Can a Propane Fireplace Cause Carbon Monoxide?

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A gas or propane fireplace must be properly installed and inspected at least annually to ensure safety.
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Carbon monoxide is a deadly gas that results from burning different types of materials and gases. More than one-third of Americans heat their homes primarily with fireplaces, stoves or other similar appliances. Fireplaces can provide heat and ambiance to a room, but if not used properly, they can be health hazards that can turn deadly whether wood or gas is used. Propane fireplaces should be used properly and serviced at least annually to ensure safety.

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A propane fireplace produces carbon monoxide as part of the combustion process, which can enter your home if the fireplace is not properly installed and vented.

Carbon Monoxide From Fireplaces

A propane fireplace emits carbon dioxide due to the normal process of combustion. As the gas burns, carbon monoxide is formed as the by-product. It is impossible to tell without a carbon monoxide detector whether the gas is in your home because it is odorless and colorless. Carbon monoxide detectors should be installed on each floor of your home and tested regularly to ensure that the batteries work.

Propane Fireplace Safety

A traditional propane fireplace should always be vented outside. Failure to properly vent a fireplace causes the carbon monoxide to enter the home instead of outside and can result in carbon monoxide poisoning and death in a matter of minutes. Regular chimney and fireplace cleaning and inspections each year ensure that they remain open and unblocked. Always consult a qualified professional to inspect and clean your fireplace and chimney. Always leave the damper open when the fireplace is in use for proper ventilation.

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Ventless Propane Fireplaces

A more modern option is a ventless propane fireplace, which is designed to burn the fuel so efficiently that it doesn't need a flue. It burns the fuel cleanly with a regulator that mixes the propane and air, creating reduced fumes. Unlike traditional propane fireplaces, which have a fresh air intake to pull in oxygen, a ventless unit uses the oxygen in the room, which can cause a drop in oxygen levels. If it malfunctions, it can also release carbon monoxide into the room.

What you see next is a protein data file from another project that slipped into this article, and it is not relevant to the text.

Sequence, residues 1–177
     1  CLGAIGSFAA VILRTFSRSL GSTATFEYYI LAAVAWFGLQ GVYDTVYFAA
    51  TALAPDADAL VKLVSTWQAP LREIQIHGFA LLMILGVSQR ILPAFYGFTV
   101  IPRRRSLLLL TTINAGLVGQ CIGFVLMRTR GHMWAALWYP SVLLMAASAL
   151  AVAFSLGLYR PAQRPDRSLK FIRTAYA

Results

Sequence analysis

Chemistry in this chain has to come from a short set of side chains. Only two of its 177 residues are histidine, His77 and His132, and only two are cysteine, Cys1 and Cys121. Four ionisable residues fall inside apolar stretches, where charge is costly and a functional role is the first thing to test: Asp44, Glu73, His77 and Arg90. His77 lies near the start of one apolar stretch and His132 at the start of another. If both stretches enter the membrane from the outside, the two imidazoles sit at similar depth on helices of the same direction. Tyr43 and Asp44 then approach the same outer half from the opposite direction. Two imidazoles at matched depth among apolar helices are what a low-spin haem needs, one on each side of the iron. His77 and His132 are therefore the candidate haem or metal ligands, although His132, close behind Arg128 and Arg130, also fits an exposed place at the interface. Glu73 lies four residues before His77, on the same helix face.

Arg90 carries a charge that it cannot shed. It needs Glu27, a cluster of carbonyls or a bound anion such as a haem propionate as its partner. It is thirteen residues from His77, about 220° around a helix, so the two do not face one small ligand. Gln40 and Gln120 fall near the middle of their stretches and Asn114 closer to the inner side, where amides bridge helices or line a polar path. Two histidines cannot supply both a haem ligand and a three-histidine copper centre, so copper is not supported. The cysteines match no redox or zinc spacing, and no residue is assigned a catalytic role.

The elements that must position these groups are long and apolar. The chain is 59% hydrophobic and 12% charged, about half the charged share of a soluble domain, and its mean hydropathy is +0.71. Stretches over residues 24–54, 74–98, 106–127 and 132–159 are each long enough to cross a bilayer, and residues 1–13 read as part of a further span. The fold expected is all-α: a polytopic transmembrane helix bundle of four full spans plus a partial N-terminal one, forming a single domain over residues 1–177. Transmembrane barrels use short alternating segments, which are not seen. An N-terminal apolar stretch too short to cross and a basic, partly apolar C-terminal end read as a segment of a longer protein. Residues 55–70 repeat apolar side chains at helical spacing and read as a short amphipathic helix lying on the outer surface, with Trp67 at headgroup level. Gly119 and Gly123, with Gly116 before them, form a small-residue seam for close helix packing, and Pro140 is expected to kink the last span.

Modern models typically have built-in detectors for oxygen levels and carbon monoxide. When the oxygen detector determines that the room's oxygen level is too low, it shuts off the fireplace. It also shuts off the fireplace automatically if the built-in sensors detect carbon monoxide. This can help ensure proper operation if you choose a ventless model, but it's still a good idea to have your own carbon monoxide detectors working throughout the home.

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Carbon Monoxide Poisoning

Carbon monoxide poisoning can occur very quickly and cause death if it isn't treated. If you have a propane fireplace and notice flu-like symptoms with quick onset such as fatigue, nausea and muscle aches or impaired mental function, go outside in the fresh air and call 911 or other emergency personnel immediately. A working carbon monoxide detector will alert you to the presence of this dangerous gas, eliminating the question of whether you actually are sick with the flu, or if carbon monoxide poisoning is occurring.

Propane Fireplace Installation

Not only should propane fireplaces be cleaned and maintained by properly, but they should also be installed by a professional. To prevent carbon monoxide from leaking into your home, have the fireplace installed by a trained individual, knowledgeable of installation and safety requirements to prevent problems from occurring. Never skimp on professional installation in an attempt to do-it-yourself and save money.

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Amber Canaan

Amber Canaan has a medical background as a registered nurse in labor and delivery and pediatric oncology. She began her writing career in 2005, focusing on pregnancy and health. Canaan has a degree in science from the Cabarrus College of Health Sciences and owns her own wellness consulting business.